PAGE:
The Continental’ Review :”The “John Wick” movie franchise, which stars Keanu Reeves as the most lasting hitman in the world, is distinguished by its emphasis on aesthetics, complex systems, and painstakingly planned action sequences. These movies showcase Reeves’ recognizable features against cinematography that evokes a teenager’s vivid nightmares while exposed to black light. “
They combine gangster drama honor rules with medieval fantasy ceremonial components, all of which are emphasized by nonstop action scenes in which Keanu Reeves moves with the methodical precision of a master chef repeatedly cooking his unique dish. Those who are seduced by this unusual fusion of feelings and emotions have developed a devoted following.
One of these movies’ assets, under the direction of Chad Stahelski (who collaborated with David Leitch on the first “John Wick”), is their subtle humor, which is frequently but not exclusively expressed through images. Reeves, Ian McShane, Lance Reddick, Laurence Fishburne, Anjelica Huston, and Willem Dafoe are among the outstanding ensemble cast members who expertly modify their performances to fit the stylised material.
The primary “John Wick” sequels seem to have come to an end with the events of “John Wick: Chapter 4,” but the franchise is already moving in new ways. In the upcoming year, a spinoff movie focusing on a different character will be released. A prequel mini-series called “The Continental” has also debuted on the Peacock streaming platform. Even though the series’ official title is “The Continental: From the World of John Wick,” it seems to come from a different creative universe.
But “The Continental” fails to live up to expectations, largely because of its writing. Greg Coolidge, Ken Kristensen, Shawn Simmons, and Kirk Ward (with various writers credited on each episode) wrote the scripts for the series, which mainly relies on dialogue but falls short of Derek Kolstad’s writing for the films in terms of being succinct and aphoristic.
With characters being burdened with formulaic and virtue-signaling backstories that lack the immediate, emotionally charged effect of Wick’s tribulations in the films, the core theme of revenge, a defining feature of the John Wick universe, is diminished.
This film’s production, which uses real-world settings and soundstages in and around Budapest to portray a grimy, trash-filled New York City in the 1970s, also contributes to its failure. The Continental is an expensive underground hotel and neutral zone located in New York City’s Financial District that serves as a kind of Soho House for off-duty assassins and bounty hunters.
In “The Continental,” we see Winston Scott, the future owner, who is presented as a young hustler involved in a power struggle with Cormac, the former owner, who is portrayed by Mel Gibson in the movies and Colin Woodell in the television series.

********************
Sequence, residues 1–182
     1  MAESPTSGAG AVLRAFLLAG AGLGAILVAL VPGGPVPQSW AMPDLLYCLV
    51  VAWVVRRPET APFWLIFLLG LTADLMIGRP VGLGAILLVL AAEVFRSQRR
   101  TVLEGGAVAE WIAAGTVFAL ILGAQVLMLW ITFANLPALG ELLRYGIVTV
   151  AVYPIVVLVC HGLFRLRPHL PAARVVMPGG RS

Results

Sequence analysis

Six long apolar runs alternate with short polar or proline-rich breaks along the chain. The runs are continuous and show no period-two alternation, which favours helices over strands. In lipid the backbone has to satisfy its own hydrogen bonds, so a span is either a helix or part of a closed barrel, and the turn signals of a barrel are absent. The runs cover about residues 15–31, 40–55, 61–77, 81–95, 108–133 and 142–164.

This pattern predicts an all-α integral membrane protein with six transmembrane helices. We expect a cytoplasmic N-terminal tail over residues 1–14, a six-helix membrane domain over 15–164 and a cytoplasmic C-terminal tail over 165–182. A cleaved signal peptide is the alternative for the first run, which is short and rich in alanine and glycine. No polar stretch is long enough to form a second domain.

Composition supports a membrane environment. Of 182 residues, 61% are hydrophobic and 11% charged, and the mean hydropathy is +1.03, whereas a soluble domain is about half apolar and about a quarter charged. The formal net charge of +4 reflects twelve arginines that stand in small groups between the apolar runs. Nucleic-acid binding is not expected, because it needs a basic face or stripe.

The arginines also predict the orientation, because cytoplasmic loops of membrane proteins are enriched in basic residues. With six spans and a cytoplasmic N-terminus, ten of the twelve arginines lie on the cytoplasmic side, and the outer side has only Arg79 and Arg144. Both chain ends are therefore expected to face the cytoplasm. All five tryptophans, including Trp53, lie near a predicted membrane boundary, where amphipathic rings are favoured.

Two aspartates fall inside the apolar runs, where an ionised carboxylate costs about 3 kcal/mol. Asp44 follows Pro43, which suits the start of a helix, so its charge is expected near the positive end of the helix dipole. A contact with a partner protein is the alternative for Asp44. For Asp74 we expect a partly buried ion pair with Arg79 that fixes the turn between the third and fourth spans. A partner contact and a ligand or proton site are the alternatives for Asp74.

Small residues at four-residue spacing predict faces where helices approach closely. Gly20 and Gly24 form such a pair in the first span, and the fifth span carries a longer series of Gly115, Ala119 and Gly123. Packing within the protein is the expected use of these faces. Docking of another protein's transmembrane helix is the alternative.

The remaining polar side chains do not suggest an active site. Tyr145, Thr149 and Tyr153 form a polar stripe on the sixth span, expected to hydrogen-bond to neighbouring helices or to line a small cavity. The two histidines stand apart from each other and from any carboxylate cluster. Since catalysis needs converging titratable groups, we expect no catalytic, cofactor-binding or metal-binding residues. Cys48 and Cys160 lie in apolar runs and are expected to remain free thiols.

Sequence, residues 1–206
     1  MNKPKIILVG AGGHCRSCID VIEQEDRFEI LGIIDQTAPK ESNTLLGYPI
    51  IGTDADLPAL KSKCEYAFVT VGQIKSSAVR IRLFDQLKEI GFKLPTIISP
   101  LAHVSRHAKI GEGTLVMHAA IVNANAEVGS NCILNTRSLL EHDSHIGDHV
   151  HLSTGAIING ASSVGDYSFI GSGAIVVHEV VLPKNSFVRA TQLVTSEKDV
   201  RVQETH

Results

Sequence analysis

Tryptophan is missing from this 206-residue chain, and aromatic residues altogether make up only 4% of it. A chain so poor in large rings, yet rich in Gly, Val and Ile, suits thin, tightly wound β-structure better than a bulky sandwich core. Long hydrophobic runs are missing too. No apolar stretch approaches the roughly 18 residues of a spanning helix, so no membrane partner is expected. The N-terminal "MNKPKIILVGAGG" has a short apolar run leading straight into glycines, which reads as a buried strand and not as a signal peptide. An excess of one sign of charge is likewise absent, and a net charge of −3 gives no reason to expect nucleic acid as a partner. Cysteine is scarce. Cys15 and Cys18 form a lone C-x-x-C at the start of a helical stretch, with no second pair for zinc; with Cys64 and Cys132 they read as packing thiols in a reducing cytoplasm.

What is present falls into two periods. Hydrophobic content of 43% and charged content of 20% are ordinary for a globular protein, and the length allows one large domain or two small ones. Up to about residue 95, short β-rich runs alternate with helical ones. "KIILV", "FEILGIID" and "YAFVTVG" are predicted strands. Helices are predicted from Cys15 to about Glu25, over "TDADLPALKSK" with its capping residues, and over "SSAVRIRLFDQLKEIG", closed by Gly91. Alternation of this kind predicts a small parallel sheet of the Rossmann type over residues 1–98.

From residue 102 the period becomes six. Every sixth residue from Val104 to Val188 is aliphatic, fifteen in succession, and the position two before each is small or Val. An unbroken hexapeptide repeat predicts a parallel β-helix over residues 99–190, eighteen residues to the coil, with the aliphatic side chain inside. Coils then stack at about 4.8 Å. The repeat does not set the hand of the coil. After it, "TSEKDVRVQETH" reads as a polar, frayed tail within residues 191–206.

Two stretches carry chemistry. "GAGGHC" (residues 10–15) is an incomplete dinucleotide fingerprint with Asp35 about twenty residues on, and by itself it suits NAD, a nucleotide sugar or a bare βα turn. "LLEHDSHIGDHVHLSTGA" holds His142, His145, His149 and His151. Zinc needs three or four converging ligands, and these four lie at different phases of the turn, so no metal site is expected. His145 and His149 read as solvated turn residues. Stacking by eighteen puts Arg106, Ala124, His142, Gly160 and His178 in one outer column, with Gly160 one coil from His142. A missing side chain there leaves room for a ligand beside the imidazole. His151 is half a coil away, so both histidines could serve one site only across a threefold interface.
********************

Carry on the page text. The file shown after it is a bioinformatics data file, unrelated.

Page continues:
The complicated plot follows Winston as he assembles a group of outsiders to exact revenge on his brother, reclaim a rare stolen relic, and take over the hotel. The action takes place in clichéd and unimaginative settings including the waterfront, Chinatown, Alphabet City, and the Bowery, all of which were laboriously created but lacked creative flair.
Story elements are highlighted with a deliberate choice of 1970s music standards (Heart, Chicago, Gerry Rafferty, etc.), and vintage details like an Alka-Seltzer advertisement, a “Coffy” poster, Pong, and allusions to blaxploitation kung fu movies and “The Day of the Jackal” are incorporated for nostalgic effect. The movement on the screen is vibrant, but nothing has a lasting effect.
Although the cast is full with brilliant and attractive people, their performances are let down by a certain flatness. Although competent, Woodell and Ayomide Adegun, who plays future Continental concierge Charon, lack the unique flavor that McShane and Reddick gave to their characters in the movies.
Gibson, although being given the most credit, gives a one-dimensional performance of gruff irritation without evoking real menace. A few actors manage to stand out, like Ray McKinnon as a folksy sniper, Jessica Allain as a softer version of a Tamara Dobson-style martial-arts warrior, and Mark Mazepa as spooky, doll-like Teutonic murderers.
The most obvious and significant aesthetic similarity between “The Continental” and the “Wick” series is the requirement that each victim of the ritualistic violence be shot at least twice. Beyond this, though, the series falls short. While effective, the action choreography lacks the ingenuity and clarity needed to turn violence into a visual and emotional catharsis, much like the impact of songs in an engaging musical. “The Continental” has not yet explored this world.